The best thing you can do for this day is to take a look at your life. What have you achieved? In what ways have you changed? Who aided you the most? Be thankful for all that has happened in your life - the good an the bad - as it has led you to this very moment. Acknowledge to yourself and the Gods that you are on a path of learning - and that is an ever changing state. Be thankful for the oportunity to gain this understanding. Imagine how flat life must be to the unenlightened - who can not see the interconnectedness of all living things. Be thankful for this vision, and the chance to gain the understanding of what is needed from yuo, what can YOU provide to this cycle that no others can. Think of it as if you were specifically chosen by the Gods for a specific purpose. Thank them for the chance to find meaning on this path, before moving to the next.

Myths are also an important part of celebrating any Sabbat, in the Celtic Traditions. Many Pagans refer to the Autumnal Equinox as Mabon.

MABON (Welsh) {MAH-bahn or BAY-bone] Also maponos and Maponus.
Mabon means "great son", the child of Modred whose name means "great mother". He was stolen from Modron at three years old and later rescued by King Arthur. Mabon's myths overlap those of Gwyn Ap Nuad, and they may have once been the same deity. Mabon rode wild horses, had prized guardian hunting hounds, and he may have been an actual ruler of Wales who later came into myth.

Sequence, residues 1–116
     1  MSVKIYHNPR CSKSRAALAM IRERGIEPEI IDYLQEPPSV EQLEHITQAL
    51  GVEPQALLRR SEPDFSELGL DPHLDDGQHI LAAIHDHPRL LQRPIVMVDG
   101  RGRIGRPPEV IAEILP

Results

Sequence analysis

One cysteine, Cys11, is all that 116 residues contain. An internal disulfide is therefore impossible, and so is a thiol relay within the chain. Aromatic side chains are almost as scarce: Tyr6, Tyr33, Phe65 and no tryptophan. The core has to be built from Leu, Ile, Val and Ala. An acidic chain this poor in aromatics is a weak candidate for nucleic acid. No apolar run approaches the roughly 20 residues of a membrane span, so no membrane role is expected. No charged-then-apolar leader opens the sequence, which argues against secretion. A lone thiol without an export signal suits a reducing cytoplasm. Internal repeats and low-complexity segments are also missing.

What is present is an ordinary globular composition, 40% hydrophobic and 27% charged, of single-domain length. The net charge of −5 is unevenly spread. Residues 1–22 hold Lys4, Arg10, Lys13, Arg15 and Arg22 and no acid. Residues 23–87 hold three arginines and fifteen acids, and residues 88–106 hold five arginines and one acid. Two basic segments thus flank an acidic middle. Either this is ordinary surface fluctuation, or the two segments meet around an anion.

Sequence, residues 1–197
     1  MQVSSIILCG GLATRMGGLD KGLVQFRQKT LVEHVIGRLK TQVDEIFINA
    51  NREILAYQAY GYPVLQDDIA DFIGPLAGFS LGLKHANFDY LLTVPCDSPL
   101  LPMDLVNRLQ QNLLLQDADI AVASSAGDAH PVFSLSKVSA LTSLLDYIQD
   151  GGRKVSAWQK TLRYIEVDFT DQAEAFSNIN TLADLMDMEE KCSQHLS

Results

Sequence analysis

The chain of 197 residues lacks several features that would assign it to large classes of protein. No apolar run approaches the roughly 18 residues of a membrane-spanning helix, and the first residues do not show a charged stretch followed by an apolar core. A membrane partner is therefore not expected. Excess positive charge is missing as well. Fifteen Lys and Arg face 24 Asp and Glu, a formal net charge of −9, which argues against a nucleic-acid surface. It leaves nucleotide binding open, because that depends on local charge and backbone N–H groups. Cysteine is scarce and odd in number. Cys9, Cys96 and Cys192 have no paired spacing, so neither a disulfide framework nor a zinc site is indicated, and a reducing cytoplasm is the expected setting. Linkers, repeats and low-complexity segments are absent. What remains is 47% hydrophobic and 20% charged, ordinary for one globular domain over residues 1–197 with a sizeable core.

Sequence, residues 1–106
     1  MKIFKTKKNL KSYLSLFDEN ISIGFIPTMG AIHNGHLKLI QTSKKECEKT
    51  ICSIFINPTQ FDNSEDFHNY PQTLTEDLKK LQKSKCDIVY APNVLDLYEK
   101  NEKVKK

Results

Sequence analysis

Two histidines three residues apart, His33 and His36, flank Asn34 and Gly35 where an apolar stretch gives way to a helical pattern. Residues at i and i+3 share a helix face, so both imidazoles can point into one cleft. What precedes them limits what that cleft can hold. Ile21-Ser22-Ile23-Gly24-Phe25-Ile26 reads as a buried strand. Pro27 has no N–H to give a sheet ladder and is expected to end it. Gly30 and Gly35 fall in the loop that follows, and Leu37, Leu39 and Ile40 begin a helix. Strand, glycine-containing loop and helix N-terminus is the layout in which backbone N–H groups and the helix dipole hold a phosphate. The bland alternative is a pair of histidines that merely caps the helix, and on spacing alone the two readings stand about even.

He is also a minor sun God, yet he represents the power in darkness. His images transcend all the life stages of other Gods. He is a king of death and the Otherworld, a deity of the harvest and fertility, and was once called "The Divine Youth" by his followers. He represents innocent youth when young, strength and virility as a young man, and the sacrificial God when elderly. His image is linked the hierarchies of sacred animals , and he may have once figured heavily in long lost Celtic creation myths since he is equated with the expelling of and control of the darkness and of storms. Some Celtic traditions see him as the original being, the first God, the first life carved out of the primal void of the divine womb. He was adopted by the Anglo-Romans as Maponus and was honored at Hadrian's Wall. He is sometimes called a masculine Persephone, or the Celtic Dionysus because of his linkage with the grape harvest.